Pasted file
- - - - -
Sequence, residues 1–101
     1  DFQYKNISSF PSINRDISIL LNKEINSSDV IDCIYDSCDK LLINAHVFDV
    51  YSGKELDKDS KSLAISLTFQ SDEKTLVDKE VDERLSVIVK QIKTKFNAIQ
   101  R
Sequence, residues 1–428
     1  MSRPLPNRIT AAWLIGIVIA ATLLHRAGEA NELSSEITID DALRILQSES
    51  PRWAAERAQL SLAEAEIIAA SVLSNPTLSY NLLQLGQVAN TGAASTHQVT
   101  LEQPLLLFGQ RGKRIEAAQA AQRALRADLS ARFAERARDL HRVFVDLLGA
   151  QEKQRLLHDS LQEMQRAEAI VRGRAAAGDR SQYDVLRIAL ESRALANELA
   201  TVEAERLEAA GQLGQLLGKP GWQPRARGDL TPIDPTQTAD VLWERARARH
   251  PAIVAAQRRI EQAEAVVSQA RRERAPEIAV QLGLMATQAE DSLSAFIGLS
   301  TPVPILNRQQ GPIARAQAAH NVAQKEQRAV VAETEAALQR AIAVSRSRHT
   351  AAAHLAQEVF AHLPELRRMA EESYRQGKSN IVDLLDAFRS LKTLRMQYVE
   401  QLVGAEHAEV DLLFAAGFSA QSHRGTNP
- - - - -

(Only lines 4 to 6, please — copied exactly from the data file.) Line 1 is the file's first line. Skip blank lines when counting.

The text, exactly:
   101  R
Sequence, residues 1–428
     1  MSRPLPNRIT AAWLIGIVIA ATLLHRAGEA NELSSEITID DALRILQSES